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1998 Overdyed Cotton 'SATAN' Peak Lapel Blazer

Raf Simons

1998 Overdyed Cotton 'SATAN' Peak Lapel Blazer


Size 48: Best for an IT 48 - 38 Chest - S/M or an IT 46 - 36 Chest - S.

Raf Simons tailored jacket from S/S 1998 'Black Palms'In excellent used condition; all exterior pockets remain sewn shut. Made in Belgium.

In our view, Raf Simons's tailoring offers one of the most interesting and nuanced expressions of his subculture-inspired vision. On a first impression, the absence of graphic decorations evokes associations with traditional menswear. At the same time, however, Simons's progressive attitude ensured that his tailoring was highly unconventional and like nothing that had come before him. Cathy Horyn explains:

'Simons is probably the most influential men's-wear designer of the last decade. "He did everything before anyone else, and everybody has copied him," Marie-Amelie Sauve, the stylist for Balenciaga, said. Although Simons is virtually unknown outside the small world of European men's fashion (he shows in Paris), his effect on the way young men dress cannot be overstated. Only with training, genius, intoxicating amounts of culture and possibly a discreet drug habit have a handful of designers been able to change the shape of clothes. Simons, without any of these advantages, has done it three times. The first time was in the mid-1990's, at the beginning of his career, when he came out with suits that were cut unusually small in the shoulders. [...] If Gucci's caftans and Jean Paul Gaultier's cowboy chaps didn't represent the same emotional trip to this generation, Simons's minimalist suits did. They became the dominant silhouette of the late 90's. I once asked him what made him think of that shape. As usual, he had a straightforward explanation. "It was just because we were so small," he said.' (our emphasis)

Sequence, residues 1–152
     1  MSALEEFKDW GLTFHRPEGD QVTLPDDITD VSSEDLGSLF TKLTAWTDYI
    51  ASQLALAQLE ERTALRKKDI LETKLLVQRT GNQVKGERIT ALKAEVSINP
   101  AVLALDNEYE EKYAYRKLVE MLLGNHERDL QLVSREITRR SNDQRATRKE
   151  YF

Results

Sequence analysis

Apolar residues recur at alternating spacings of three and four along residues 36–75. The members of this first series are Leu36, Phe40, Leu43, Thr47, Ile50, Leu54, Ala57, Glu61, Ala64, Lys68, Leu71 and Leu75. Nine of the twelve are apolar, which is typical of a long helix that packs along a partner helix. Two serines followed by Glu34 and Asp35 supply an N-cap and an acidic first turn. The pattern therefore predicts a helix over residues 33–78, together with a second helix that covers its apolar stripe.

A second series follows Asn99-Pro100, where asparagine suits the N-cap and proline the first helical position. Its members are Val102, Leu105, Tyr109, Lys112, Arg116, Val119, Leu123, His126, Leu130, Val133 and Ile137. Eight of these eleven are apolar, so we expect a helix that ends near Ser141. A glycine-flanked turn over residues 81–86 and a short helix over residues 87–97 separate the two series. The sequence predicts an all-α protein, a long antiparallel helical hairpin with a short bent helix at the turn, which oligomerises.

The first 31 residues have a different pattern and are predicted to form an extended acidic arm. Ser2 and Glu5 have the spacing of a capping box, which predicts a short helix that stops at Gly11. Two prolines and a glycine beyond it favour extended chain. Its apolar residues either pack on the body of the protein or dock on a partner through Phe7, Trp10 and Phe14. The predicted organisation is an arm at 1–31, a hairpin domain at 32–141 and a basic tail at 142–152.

Simons's signature narrow shoulderline and razor-sharp proportions gave an unexpectedly youthful element to classic garments and, for the first time, people with slender frames could find tailoring that was designed for their profile. While Simons's much-coveted streetwear glorifies youth cultures through visuals, it could be argued that Raf Simons tailoring takes this attitude and gives it real substance though craft and sartorial know-how

This blazer was Black Palms' signature tailored jacket and its shape is quintessential Simons. The front has a high button stance that leads to striking narrow peak lapels which can also be seen in this piece. This aggressive shape was a hallmark of Raf's early tailoring was first introduced for S/S 1997 (pictured: S/S 97, S/S 98, A/W 98 runway and A/W 00). Interestingly, this design's official name is SATAN according to an early price catalogue. Welt pockets with flaps and a double vent at the back complete the classic design. The cut is sharp and flattering, with a slightly shorter length and narrow structured shoulders. The fabric is a medium-weight cotton with subtle vertical stripes that has been overdyed for a deep colour with a slightly worn finish. This dying technique was used extensively in Simons's iconic 'Consumed' collection and lends a somewhat rugged element to the severe design. 

The jacket is constructed to Simons's typical standard, with precise canvasing that gives it an effortlessly structured silhouette. Likewise, the exaggerated lapels have a beautiful three-dimensional shape. The sleeves are finished with three functional buttons and the undercollar features a black felt insert. The interior is fully lined in smooth viscose sateen and features two pockets. Finally, the neck features a grosgrain hanging tab and all buttons are crafted from genuine buffalo horn.

Overall, this blazer captures the essence of Simons's early tailoring. Drawing inspiration from Post-Punk fashion as well as traditional tailoring, Simons created suits that were precise and exceptionally good looking. The importance of his work in shaping contemporary menswear cannot be understated. Strongly recommended.

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